Male insect anatomy focuses on finding females instead of inspiring them
Is there anything as masculine as fluffy, feathery antennae? For a batch of sexually dimorphic moths, probably not, although appearing masculine isn’t really of much concern. While many dimorphic animals have special anatomy, such as a peacock’s tail, intended to help males land a date, moths’ antennae are more oriented towards simply locating one. Some hawk moths, tiger moths and a few others use their fuzzier feelers to pick up traces of pheromones from females, even if those females are a mile away. Which is impressive, but not necessarily to the female of the species.
The other dimorphic features on moths are less obvious, but similarly don’t seem to be there to help a moth impress a mate. On the abdomen of some male moths you’ll find claspers, which are small folds of genitalia that secure females during mating. They’re not always visible in moths though thanks to the general fuzziness, in which case you might look at the underside of the moths wings, assuming the delicate insect feels like cooperating. Coming out of what you might consider to be the moth’s shoulder, you might see either a longer, thicker hair, almost like a whisker, or a tuft of hair under the wing. These structures are the retinaculum and frenulum, which are like special reinforcing hairs to help support the wings from below. On male moths, it’s usually the single, thicker hair while females have the tuft of thinner follicles, possibly to help anchor eggs along her body.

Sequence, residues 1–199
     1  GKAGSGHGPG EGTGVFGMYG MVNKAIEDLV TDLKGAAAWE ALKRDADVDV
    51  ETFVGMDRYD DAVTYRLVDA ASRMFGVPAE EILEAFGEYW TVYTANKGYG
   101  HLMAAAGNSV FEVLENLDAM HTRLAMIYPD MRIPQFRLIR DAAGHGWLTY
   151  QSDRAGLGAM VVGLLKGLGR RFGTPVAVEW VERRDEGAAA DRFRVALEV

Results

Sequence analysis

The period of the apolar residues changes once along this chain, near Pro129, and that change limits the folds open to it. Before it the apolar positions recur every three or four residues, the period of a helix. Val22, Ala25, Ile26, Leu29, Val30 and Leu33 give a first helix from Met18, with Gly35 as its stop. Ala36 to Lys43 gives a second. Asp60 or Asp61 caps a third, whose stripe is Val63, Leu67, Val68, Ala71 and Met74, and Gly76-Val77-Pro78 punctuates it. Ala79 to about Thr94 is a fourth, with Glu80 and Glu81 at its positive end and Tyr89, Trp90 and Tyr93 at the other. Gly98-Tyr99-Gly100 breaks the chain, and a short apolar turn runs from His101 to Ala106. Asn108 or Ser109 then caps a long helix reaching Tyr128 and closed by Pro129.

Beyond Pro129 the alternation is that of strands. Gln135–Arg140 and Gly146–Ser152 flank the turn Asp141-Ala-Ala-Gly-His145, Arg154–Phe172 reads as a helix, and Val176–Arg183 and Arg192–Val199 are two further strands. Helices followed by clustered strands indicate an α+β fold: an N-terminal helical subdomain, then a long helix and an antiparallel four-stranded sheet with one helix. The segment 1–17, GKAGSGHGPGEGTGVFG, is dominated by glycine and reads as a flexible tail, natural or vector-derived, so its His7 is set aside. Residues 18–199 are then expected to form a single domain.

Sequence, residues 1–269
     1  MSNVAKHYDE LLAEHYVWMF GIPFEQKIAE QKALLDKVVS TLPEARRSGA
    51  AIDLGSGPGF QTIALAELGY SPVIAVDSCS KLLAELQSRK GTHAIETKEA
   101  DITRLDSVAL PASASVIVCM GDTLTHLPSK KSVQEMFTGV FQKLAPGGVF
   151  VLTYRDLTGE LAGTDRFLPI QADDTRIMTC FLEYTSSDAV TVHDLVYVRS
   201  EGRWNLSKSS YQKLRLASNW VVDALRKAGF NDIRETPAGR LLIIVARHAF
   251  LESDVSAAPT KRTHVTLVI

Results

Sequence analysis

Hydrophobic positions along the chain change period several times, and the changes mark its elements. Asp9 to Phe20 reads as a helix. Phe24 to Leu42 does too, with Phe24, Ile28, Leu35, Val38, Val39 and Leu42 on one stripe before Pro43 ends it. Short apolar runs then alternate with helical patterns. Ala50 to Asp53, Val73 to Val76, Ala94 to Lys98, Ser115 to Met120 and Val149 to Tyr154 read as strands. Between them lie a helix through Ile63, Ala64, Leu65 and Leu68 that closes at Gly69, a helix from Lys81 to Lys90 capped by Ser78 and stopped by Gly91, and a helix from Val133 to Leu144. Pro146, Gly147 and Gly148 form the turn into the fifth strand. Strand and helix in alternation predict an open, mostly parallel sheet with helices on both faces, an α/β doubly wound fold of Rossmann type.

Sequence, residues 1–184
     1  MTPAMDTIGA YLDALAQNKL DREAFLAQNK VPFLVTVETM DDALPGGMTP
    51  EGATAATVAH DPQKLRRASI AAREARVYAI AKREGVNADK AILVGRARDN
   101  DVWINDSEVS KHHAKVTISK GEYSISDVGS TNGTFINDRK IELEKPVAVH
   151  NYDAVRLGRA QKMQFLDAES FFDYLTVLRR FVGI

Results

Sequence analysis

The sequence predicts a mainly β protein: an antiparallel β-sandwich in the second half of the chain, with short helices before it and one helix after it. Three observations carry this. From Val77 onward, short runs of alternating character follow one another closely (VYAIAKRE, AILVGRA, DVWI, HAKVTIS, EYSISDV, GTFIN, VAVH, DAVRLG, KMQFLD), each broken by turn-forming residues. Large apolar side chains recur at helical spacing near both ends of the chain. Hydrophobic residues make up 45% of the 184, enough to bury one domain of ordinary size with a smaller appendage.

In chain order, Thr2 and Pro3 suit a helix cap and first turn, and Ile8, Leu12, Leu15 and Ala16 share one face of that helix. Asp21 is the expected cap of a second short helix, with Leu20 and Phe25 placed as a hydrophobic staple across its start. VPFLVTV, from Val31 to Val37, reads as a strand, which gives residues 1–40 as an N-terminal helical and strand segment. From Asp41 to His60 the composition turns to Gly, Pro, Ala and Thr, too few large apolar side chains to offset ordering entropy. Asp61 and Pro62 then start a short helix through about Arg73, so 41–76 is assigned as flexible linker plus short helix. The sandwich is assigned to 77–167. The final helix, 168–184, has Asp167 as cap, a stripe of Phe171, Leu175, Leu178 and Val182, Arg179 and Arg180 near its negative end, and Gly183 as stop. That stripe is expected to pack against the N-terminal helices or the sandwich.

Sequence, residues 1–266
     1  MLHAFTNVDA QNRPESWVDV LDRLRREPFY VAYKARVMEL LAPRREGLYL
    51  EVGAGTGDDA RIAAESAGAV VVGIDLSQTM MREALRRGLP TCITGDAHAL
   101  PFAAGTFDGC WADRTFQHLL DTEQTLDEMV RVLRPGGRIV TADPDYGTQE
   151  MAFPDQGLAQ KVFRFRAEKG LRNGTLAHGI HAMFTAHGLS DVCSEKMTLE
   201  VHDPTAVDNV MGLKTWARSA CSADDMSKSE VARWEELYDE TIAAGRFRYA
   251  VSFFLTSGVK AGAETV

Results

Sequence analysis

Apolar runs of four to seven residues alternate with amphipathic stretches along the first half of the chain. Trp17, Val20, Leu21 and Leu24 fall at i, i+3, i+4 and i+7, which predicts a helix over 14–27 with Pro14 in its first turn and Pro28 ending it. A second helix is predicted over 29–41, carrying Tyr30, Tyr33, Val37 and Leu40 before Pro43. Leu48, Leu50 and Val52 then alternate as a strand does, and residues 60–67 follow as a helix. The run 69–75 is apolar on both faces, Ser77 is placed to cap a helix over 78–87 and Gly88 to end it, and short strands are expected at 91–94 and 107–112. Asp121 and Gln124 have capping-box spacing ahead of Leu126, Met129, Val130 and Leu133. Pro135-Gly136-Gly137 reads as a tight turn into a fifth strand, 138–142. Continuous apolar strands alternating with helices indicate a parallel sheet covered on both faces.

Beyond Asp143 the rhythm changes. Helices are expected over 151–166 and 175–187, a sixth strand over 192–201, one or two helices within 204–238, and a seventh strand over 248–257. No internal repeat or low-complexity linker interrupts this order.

More males seeking females
Looking across other species of insects, a fair amount of male-specific anatomy is focused on the practicalities of finding a mate rather than convincing her that a male is worth mating with. Beyond moths, a batch of wasps and beetles, like the longhorn, have more developed antennae to help them smell signs of potential mates. A variety of flies rely more on vision for than pheromones, and so males will often have proportionally larger eyes than females. Mosquitoes track their dates with sound, picking up the annoying whining sound of the females’ wings through fuzzier antennae.
This is not to say that male insects never try to win the favor of females. Some species engage in elaborate behavior to try to stand out as a suitor, with many spending their entire adult lives pursuing nothing but a chance to reproduce. It just means that for many insects, the clothes don’t make the man as much as his actions do.
Source: How to Sex a Moth by Chris Grinter, The Skeptical Moth